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Vancouver Island’s Paradise Plants setting standards for their business

Company building ethical roots in the world of import landscaping
The Haighs the standards they’ve since set for themselves when importing products to sell at their garden centre. Photo by Ali Roddam

Kristine Salzmann Special to the Record

In 2008, Cassandra Haigh and her husband Iain traveled to Hong Kong with the intention of going to a trade fair to source statues, pottery, and other garden decor for their business, Paradise Plants in Courtenay.

When they landed, the air pollution was so thick that Cassandra turned to her husband and said, “I’m not buying anything here.”

That moment helped clarify for the Haighs the standards they’ve since set for themselves when importing products to sell at their garden centre.

“What I noticed after is that every single show I went to in my industry, everything was from China,” Cassandra says. “I decided if I wanted to make myself different, if I wanted to do something that’s a little more ethical, I’d have to figure it out on my own.”

The Haighs now source statuary, pottery, water fountains and giftware only from businesses that employ or are run by women, are mindful of their environmental impact, and operate ethical workplace conditions.

In 2012, she followed her intuition and travelled to the Indonesian island of Bali where she met female entrepreneurs whose quality of workmanship exceeded her expectations. She and Iain have returned every year since, if not with each other then with one of their three adult sons.

Cassandra makes an effort to buy pieces she hasn’t seen elsewhere on the North America market, and says Paradise Plants is the only Canadian company that imports from the approximately 25 Balinese businesses she works with.

When asked why, she muses that trade agreements make importing from other countries like China much simpler.

“We’ve had trouble with customs. It’s a little haphazard sometimes … We’ve had adventures with containers, for sure,” Cassandra says.

There have been other adventures as well. This past October, Cassandra and one of her sons were in Bali when a 6.0 magnitude earthquake struck off the coast of the Indonesian islands.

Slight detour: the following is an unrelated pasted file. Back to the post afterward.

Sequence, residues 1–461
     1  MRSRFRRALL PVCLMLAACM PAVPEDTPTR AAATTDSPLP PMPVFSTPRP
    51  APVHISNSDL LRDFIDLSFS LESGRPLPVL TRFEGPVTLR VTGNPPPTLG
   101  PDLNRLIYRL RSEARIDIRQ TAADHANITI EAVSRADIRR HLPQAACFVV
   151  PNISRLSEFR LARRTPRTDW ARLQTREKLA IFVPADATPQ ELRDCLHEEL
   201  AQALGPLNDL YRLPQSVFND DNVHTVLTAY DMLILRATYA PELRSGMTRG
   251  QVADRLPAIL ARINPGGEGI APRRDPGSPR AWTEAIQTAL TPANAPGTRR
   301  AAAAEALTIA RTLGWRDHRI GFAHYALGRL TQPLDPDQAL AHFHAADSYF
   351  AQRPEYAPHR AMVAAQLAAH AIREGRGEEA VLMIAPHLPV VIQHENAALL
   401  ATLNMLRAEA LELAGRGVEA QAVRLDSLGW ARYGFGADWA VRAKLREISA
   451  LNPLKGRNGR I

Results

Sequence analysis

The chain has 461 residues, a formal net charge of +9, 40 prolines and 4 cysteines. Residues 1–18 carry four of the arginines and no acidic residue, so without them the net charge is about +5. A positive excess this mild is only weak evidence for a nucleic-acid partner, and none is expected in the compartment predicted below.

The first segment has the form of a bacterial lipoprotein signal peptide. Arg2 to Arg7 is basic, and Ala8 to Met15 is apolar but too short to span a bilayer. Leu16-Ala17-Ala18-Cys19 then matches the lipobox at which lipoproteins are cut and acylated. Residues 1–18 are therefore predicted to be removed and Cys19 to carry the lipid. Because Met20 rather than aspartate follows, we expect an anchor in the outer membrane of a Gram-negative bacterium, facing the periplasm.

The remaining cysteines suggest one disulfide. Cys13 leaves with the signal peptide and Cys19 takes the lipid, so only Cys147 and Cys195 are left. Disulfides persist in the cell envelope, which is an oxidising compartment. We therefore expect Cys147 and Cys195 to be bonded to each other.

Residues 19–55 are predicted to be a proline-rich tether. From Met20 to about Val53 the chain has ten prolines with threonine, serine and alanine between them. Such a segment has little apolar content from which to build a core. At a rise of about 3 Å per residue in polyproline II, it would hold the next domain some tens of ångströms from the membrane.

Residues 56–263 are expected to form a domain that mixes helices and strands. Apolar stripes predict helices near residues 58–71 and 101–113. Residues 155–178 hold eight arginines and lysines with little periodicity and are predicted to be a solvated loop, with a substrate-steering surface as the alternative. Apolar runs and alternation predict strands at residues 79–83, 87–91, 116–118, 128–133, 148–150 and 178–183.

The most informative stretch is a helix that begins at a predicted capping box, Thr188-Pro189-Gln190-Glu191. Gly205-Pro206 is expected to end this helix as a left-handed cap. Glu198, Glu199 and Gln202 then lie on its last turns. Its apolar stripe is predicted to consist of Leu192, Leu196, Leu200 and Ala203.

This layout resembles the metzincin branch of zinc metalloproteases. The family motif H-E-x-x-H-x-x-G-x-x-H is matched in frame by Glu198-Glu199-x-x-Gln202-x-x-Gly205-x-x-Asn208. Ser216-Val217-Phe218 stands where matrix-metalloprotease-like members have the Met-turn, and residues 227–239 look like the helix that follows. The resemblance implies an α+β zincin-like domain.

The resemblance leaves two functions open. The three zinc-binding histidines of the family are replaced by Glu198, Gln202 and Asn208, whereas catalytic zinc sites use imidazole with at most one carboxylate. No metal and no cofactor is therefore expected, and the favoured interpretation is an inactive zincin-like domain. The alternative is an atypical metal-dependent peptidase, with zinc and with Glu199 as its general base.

Fortunately, they nor the people they’ve gotten to know over the years were hurt.

The Haighs also do business with a company in Vietnam.

“Vietnam was easy, because I noted the best pots I received were from Vietnam,” Cassandra says, adding they only deal with the one Vietnamese business because “we just felt we hit it out of the park when we met them.”

Key for the couple is whether a business owner will let them visit a factory on short notice - for instance, Cassandra says, some have told her their factories are closed for the season due to heavy rains.

“You can meet in a fancy office but that doesn’t mean the people working for them are being handled ethically. So the number one question is, can we see your factory? Even if it means you have to spend a day driving out to the factory, you still have to do it.”

This year, she ordered three shipping containers worth of product: two from Bali and one from Vietnam.

“I love the big statuary. We have these big pelicans and big Buddhas, and our water features are just really peaceful and calming.”

Cassandra studied landscape architecture at the University of British Columbia and has been designing gardens in the Comox Valley since 2002.

She describes herself as the sensitive, artistic one in their venture and her husband Iain as the one with business acumen - but both are on the same page when it comes to valuing sustainable business practices.

For instance, when the couple took ownership of Paradise Plants in 2002 they were alarmed by the chemicals legally permitted in gardens and nurseries.

“I just thought, we don’t have to do this, and took a completely organic approach. We’ve never used toxic pesticides or herbicide sprays in our nursery business in 17 years … I didn’t want my staff spraying, I didn’t want to spray.”

At home and abroad, she can see how sticking to their values has made a mark. In Indonesia and Vietnam, that impact is felt by the families of the business owners she works with.

“Even if I’m a small person doing this, I’m making an impact. I’m improving on the education of many children in Bali because I’m supporting their moms.”

READ MORE: First Nations agree to build first new hotel in Port Alberni since 1980

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